FIG. 1.

Annual change in muscle strength of ankle plantar flexion (A) and of ankle dorsal flexion (B) for the three subgroups of diabetic patients and their matched control subjects. *P < 0.02 when compared with the individually matched control subjects. †P < 0.002 when compared with the individually matched control subjects. □, nonneuropathic patients; , asymptomatic neuropathic patients; ▪, symptomatic neuropathic patients; , individually matched control subjects for each patient subgroup.

FIG. 1.

Annual change in muscle strength of ankle plantar flexion (A) and of ankle dorsal flexion (B) for the three subgroups of diabetic patients and their matched control subjects. *P < 0.02 when compared with the individually matched control subjects. †P < 0.002 when compared with the individually matched control subjects. □, nonneuropathic patients; , asymptomatic neuropathic patients; ▪, symptomatic neuropathic patients; , individually matched control subjects for each patient subgroup.

FIG. 2.

Annual change in muscle strength at the ankle for three diabetic patient subgroups. *P < 0.05 when comparing the diabetic patient subgroups. Data are means ± SD. □, nonneuropathic patients; , asymtomatic neuropathic patients; ▪, symptomatic neuropathic patients.

FIG. 2.

Annual change in muscle strength at the ankle for three diabetic patient subgroups. *P < 0.05 when comparing the diabetic patient subgroups. Data are means ± SD. □, nonneuropathic patients; , asymtomatic neuropathic patients; ▪, symptomatic neuropathic patients.

FIG. 3.

Relationship between change of combined muscle strength of plantar and dorsal flexors at the ankle and the neuropathy rank-sum score in all diabetic patients.

FIG. 3.

Relationship between change of combined muscle strength of plantar and dorsal flexors at the ankle and the neuropathy rank-sum score in all diabetic patients.

FIG. 4.

Relationship between annual change of combined muscle strength of plantar and dorsal flexors at the ankle and the NDS at the initial studies in all diabetic patients.

FIG. 4.

Relationship between annual change of combined muscle strength of plantar and dorsal flexors at the ankle and the NDS at the initial studies in all diabetic patients.

TABLE 1

Demographic data, clinical data, and laboratory findings in the diabetic patients and the matched control subjects at follow-up

Control subjects
Diabetic subjects
AllAllNo neuropathyAsymptomatic neuropathySymptomatic neuropathy
n 30 30 12 
Sex (male/female) 21/9 21/9 4/5 8/1 9/3 
Age (years) 55 (39–76) 56 (39–73) 64 (43–73) 61 (39–73) 51 (39–62) 
Weight (kg) 79 (58–103) 76 (55–101) 74 (55–88) 82 (71–98) 73 (58–101)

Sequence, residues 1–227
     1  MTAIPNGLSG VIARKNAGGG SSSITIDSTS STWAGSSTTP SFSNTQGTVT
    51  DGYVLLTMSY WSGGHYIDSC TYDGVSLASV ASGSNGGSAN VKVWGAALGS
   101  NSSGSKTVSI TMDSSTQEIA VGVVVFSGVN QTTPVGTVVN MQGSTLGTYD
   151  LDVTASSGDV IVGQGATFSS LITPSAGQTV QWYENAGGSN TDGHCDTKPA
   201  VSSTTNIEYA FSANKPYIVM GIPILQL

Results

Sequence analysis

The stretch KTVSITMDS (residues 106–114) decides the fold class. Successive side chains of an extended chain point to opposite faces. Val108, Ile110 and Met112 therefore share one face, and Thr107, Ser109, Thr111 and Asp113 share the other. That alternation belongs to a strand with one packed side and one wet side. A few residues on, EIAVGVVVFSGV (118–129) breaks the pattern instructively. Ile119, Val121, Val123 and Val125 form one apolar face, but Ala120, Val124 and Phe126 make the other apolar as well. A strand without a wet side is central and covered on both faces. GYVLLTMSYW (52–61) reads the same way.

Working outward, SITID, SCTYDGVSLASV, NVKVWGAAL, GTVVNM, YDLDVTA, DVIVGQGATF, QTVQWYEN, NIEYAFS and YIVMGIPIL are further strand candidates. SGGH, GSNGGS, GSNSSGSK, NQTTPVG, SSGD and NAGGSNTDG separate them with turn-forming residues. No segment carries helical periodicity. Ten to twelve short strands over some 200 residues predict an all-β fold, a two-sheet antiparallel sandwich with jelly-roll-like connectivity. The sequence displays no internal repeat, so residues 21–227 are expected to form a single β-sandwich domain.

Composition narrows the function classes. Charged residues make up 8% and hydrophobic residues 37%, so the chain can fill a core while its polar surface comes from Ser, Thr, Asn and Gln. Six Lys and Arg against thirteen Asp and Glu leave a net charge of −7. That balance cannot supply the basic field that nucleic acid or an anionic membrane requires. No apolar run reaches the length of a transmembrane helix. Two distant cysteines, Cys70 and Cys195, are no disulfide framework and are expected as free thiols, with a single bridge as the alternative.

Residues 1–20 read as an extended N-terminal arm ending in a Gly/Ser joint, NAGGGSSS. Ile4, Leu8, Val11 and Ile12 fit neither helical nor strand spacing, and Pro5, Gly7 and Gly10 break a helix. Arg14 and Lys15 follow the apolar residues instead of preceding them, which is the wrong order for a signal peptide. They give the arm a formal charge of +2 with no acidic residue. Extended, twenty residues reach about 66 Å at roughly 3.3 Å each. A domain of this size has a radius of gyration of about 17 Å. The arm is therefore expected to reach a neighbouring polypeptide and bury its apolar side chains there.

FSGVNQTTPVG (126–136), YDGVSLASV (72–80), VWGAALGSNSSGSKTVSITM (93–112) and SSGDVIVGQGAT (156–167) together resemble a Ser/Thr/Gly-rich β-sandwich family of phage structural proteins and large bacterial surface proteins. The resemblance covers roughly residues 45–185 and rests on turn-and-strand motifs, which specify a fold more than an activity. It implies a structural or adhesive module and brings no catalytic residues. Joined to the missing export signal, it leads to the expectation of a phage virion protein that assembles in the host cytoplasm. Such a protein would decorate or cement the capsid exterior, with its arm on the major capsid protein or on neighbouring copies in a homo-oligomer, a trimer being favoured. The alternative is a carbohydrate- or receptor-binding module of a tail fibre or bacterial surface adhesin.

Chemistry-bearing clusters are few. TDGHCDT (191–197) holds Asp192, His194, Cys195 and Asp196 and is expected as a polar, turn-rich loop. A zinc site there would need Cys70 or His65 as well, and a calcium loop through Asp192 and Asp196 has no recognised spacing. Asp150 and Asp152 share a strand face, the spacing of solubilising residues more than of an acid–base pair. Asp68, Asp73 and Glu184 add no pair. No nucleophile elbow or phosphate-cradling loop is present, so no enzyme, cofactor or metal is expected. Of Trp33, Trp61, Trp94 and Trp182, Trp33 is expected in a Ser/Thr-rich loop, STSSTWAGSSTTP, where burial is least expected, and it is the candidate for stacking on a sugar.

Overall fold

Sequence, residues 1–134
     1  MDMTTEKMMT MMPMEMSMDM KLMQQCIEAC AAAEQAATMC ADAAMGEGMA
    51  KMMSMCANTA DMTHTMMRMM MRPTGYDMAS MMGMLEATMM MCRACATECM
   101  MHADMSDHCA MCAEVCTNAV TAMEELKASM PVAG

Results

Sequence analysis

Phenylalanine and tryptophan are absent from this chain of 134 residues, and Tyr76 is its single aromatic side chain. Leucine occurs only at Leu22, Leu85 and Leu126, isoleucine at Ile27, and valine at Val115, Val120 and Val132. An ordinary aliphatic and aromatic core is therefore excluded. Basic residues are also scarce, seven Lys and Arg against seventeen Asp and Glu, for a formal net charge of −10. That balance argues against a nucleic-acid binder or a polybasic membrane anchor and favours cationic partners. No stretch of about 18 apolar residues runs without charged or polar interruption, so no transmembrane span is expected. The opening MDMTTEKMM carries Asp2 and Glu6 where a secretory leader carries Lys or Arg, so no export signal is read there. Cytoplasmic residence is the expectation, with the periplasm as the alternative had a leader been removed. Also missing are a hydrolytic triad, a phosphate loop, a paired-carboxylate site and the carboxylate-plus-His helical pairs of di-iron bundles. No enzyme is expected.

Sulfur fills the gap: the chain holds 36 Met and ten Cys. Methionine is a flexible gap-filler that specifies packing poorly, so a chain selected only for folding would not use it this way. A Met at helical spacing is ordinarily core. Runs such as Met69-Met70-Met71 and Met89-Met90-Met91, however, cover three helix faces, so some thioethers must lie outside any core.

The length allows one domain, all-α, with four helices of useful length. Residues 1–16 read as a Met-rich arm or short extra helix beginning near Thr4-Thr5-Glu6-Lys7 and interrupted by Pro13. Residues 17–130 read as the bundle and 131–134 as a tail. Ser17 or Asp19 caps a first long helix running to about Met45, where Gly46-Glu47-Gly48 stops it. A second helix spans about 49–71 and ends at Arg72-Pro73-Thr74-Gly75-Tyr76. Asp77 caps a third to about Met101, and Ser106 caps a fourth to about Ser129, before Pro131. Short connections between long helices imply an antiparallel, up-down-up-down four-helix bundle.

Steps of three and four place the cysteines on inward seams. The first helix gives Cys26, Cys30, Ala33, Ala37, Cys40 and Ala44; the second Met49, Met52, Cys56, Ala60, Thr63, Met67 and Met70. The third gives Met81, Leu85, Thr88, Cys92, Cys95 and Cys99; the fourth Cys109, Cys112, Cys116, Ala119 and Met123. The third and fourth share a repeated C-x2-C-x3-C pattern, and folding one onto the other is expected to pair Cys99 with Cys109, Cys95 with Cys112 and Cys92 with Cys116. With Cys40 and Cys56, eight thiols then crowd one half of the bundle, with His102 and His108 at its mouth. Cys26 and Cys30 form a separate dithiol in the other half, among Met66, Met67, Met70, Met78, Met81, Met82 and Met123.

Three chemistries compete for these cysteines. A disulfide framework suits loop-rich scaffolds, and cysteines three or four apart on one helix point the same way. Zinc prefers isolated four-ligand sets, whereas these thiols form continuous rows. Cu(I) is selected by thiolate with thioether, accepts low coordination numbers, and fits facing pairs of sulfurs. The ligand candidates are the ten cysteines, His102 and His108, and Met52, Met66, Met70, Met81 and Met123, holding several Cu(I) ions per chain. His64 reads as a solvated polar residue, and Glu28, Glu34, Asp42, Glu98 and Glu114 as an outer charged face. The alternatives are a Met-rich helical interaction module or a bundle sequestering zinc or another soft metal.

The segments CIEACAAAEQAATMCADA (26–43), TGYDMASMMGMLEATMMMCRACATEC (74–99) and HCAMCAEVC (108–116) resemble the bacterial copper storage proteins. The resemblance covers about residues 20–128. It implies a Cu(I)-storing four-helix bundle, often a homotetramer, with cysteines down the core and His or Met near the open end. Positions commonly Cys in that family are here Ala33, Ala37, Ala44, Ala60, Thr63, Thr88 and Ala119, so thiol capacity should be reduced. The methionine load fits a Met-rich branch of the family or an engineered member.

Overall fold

Height (cm) 175 (160–192) 177 (158–190) 166 (158–185) 177 (160–190) 179 (163–182) 
Blood glucose (mmol/l) — 10 (2.1–23.7) 11.7 (5.2–18.4) 9.3 (2.1–18.5) 10.4 (4.2–23.7) 
HbA1c(%) — 8.5 (6.5–11.1) 9.1 (6.6–10.6) 8.2 (6.5–10.2) 8.7 (7.3–11.1) 
Creatinine (μmol/l) — 89 (62–295) 86 (66–295) 94 (62–116) 99 (63–155) 
Duration of diabetes (years) — 32.5 (12–45) 28 (12–43) 28 (13–45) 34.5 (29–44) 
Control subjects
Diabetic subjects
AllAllNo neuropathyAsymptomatic neuropathySymptomatic neuropathy
n 30 30 12 
Sex (male/female) 21/9 21/9 4/5 8/1 9/3 
Age (years) 55 (39–76) 56 (39–73) 64 (43–73) 61 (39–73) 51 (39–62) 
Weight (kg) 79 (58–103) 76 (55–101) 74 (55–88) 82 (71–98) 73 (58–101) 
Height (cm) 175 (160–192) 177 (158–190) 166 (158–185) 177 (160–190) 179 (163–182) 
Blood glucose (mmol/l) — 10 (2.1–23.7) 11.7 (5.2–18.4) 9.3 (2.1–18.5) 10.4 (4.2–23.7) 
HbA1c(%) — 8.5 (6.5–11.1) 9.1 (6.6–10.6) 8.2 (6.5–10.2) 8.7 (7.3–11.1) 
Creatinine (μmol/l) — 89 (62–295) 86 (66–295) 94 (62–116) 99 (63–155) 
Duration of diabetes (years) — 32.5 (12–45) 28 (12–43) 28 (13–45) 34.5 (29–44) 

Data are median (range).

TABLE 2

NSS and NDS data for all diabetic patients and the three subgroups at the initial study (NSS1 and NDS1) and at follow-up (NSS2 and NDS2)

All diabetic subjectsNo neuropathyAsymptomatic neuropathySymptomatic neuropathy
n 30 12 
NSS1 0 (0–5) 1 (1–7) 
NSS2 1 (0–8) 0 (0–1) 1 (0–2) 2 (0–8) 
NDS1 6 (0–36) 2 (0–6) 6 (0–23) 16 (4–39) 
NDS2 12 (0–48) 2 (1–18)* 11 (0–23)* 22 (3–48)* 
All diabetic subjectsNo neuropathyAsymptomatic neuropathySymptomatic neuropathy
n 30 12 
NSS1 0 (0–5) 1 (1–7) 
NSS2 1 (0–8) 0 (0–1) 1 (0–2) 2 (0–8) 
NDS1 6 (0–36) 2 (0–6) 6 (0–23) 16 (4–39) 
NDS2 12 (0–48) 2 (1–18)* 11 (0–23)* 22 (3–48)* 

Data are median (range).

*

A Kruskal-Wallis test showed that the three subgroups varied significantly (P = 0.002).

P < 0.005 compared with the nonneuropathic group.

P < 0.03 compared with the asymptomatic neuropathic group.

TABLE 3

Electrophysiological and VPT data at the initial study (1) and at follow-up (2)

All diabetic subjectsNo neuropathyAsymptomatic neuropathySymptomatic neuropathy
n 30 12 
Median nerve (m/s)     
    MNCV1 51 (39.8–63.6) 53.1 (43.8–63.6) 50.2 (39.8–55.7) 49.3 (45.7–56.2) 
    MNCV2 49.3 (31.1–57.4) 51.1 (44.5–56.6) 48.2 (41–57.4) 47.1 (31.1–55.8) 
    SNCV1 47.2 (36.2–60.3) 54.1 (43.6–60.3) 43.1 (36.2–59.6) 47.2 (39.7–53.5) 
    SNCV2 46.4 (36–61.4) 53.2 (43.3–61.4) 46.4 (39.3–50.6)* 42.8 (36–54.1)